From the foregoing description, one skilled in the art can easily ascertain the essential characteristics of this invention, and without departing from the spirit and scope thereof, can make various changes and modifications of the invention to adapt it to various usages and conditions.
|Cited Patent||Filing date||Publication date||Applicant||Title|
|US5175771 *||Mar 21, 1991||Dec 29, 1992||Sony Corporation Of America||VCA Decoding scheme for multiple VTR configuration of an audio for video mixer|
|US5212733 *||Feb 28, 1990||May 18, 1993||Voyager Sound, Inc.||Sound mixing device|
|US5230024 *||Mar 21, 1991||Jul 20, 1993||Sony Corporation Of America||VTR configuration decoding scheme for audio mixer parallel editor interface|
|1||*||Commonly owned co pending application, Ser. No. 08/119,835, filed on Sep. 13, 1993.|
|2||*||Commonly owned co pending application, Ser. No. 08/142,974, filed on Oct. 29, 1993.|
|3||Commonly owned co-pending application, Ser. No. 08/119,835, filed on Sep. 13, 1993.|
|4||Commonly owned co-pending application, Ser. No. 08/142,974, filed on Oct. 29, 1993.|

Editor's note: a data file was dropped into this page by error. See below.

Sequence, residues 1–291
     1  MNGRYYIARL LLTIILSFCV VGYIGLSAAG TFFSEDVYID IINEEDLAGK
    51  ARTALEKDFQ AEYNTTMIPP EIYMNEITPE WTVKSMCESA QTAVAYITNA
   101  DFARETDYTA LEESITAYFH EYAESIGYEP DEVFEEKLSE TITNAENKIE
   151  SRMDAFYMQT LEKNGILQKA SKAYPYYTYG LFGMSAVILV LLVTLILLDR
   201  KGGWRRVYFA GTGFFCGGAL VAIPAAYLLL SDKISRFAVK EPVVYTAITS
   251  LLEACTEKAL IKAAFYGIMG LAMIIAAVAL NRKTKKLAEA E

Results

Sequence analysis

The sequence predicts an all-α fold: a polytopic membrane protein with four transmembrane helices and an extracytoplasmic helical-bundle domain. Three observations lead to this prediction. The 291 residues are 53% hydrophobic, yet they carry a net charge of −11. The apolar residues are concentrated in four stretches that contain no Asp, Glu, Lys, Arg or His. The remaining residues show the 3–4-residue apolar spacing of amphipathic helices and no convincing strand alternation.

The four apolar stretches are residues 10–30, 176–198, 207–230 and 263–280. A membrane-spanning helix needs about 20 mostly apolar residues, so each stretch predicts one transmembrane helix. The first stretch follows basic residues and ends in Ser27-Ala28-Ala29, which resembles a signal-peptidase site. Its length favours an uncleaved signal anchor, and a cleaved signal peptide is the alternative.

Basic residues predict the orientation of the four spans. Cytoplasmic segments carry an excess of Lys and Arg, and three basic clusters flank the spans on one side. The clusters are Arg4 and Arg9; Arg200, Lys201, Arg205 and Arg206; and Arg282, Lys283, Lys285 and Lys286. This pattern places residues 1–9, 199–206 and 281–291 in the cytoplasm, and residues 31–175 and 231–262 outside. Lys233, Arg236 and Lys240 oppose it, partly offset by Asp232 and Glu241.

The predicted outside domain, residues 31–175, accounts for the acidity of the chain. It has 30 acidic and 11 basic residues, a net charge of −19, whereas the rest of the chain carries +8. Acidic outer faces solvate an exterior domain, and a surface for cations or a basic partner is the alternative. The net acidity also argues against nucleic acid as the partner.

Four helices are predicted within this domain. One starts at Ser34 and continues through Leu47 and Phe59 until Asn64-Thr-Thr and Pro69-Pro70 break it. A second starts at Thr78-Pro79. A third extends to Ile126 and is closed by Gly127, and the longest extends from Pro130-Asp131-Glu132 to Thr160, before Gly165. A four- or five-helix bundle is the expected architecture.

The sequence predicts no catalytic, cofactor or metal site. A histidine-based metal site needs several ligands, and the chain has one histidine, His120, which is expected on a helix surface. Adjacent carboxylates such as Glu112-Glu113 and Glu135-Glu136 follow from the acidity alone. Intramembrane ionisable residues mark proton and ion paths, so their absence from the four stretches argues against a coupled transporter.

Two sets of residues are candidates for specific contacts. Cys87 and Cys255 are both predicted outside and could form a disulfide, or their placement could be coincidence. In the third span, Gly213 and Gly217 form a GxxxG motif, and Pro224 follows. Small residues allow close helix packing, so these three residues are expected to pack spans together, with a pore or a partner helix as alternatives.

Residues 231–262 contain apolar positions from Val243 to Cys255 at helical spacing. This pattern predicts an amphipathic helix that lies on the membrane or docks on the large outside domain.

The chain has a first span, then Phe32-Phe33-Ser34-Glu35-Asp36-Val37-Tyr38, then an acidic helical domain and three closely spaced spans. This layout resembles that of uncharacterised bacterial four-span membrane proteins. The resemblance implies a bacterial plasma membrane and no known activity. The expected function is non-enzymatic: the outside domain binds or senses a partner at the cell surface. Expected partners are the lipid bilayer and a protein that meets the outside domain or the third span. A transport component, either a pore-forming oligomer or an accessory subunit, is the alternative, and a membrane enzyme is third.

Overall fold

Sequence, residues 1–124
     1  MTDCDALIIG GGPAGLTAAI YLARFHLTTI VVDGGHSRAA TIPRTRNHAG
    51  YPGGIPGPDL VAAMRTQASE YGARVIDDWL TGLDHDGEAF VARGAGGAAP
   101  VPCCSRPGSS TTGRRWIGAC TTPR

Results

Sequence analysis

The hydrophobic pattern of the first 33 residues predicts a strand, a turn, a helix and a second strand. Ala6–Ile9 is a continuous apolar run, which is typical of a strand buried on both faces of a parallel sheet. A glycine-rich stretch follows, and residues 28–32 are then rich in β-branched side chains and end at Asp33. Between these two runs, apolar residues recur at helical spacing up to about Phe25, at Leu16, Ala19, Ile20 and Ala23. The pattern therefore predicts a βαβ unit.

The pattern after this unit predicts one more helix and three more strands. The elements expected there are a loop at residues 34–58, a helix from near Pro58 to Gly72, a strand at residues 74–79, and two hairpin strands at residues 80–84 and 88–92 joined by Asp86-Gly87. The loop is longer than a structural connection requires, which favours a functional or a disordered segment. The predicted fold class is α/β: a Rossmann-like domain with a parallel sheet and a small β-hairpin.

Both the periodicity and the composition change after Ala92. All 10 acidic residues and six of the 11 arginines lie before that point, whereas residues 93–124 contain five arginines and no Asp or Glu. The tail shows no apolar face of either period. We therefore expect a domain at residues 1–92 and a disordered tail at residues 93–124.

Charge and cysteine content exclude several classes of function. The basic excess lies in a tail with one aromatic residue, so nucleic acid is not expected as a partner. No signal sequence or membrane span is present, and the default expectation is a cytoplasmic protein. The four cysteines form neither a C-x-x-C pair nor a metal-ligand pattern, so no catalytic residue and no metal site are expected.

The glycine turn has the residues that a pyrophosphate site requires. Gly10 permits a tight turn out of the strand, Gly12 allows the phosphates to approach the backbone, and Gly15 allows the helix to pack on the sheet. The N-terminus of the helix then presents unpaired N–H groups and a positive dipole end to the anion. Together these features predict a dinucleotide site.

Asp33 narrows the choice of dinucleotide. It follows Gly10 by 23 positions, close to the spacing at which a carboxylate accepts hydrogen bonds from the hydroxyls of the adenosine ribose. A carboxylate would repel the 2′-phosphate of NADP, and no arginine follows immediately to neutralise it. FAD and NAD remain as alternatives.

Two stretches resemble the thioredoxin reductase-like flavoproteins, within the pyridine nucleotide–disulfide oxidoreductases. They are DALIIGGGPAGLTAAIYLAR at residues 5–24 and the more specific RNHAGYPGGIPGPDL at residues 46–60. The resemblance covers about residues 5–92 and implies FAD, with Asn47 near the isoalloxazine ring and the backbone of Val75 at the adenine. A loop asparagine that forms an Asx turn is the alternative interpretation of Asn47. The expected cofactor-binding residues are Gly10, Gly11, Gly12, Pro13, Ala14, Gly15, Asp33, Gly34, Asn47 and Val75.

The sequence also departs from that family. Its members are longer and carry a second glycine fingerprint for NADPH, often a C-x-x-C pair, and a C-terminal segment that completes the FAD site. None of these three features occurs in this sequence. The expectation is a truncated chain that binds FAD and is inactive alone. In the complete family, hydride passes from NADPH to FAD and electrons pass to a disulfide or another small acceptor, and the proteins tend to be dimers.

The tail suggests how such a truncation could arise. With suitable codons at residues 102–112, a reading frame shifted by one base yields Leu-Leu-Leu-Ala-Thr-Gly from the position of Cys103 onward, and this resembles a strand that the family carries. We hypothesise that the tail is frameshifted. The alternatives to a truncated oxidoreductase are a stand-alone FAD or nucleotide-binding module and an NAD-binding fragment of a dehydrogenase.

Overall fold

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|US6839441 *||Jan 20, 1998||Jan 4, 2005||Showco, Inc.||Sound mixing console with master control section|
|CN103680563A *||Sep 17, 2012||Mar 26, 2014||深圳市冠裕电子有限公司||Vehicle-mounted steering wheel video/audio playing control method and system|
|U.S. Classification||381/119, G9B/20, G9B/31, G9B/27.008|
|International Classification||G11B20/02, G11B20/00, G11B27/028, G11B27/024, G11B31/00, G11B27/038, G11B27/02, H04H60/04|
|Cooperative Classification||G11B27/028, H04H60/04, G11B27/038, G11B31/00, G11B20/00, G11B2220/90|
|European Classification||G11B20/00, G11B31/00, G11B27/028, H04H60/04|
|Oct 13, 1993||AS||Assignment|
Owner name: SONY ELECTRONICS INC., NEW JERSEY
Free format text: ASSIGNMENT OF ASSIGNORS INTEREST;ASSIGNORS:ZAMPINI, MICHAEL A.;DAVIS, DONALD E.;DOMBROWSKI, JOSEPH J.;REEL/FRAME:006733/0453
Effective date: 19931012
|Nov 25, 1998||FPAY||Fee payment|
Year of fee payment: 4
|Nov 27, 2002||FPAY||Fee payment|
Year of fee payment: 8
|Nov 30, 2006||FPAY||Fee payment|
Year of fee payment: 12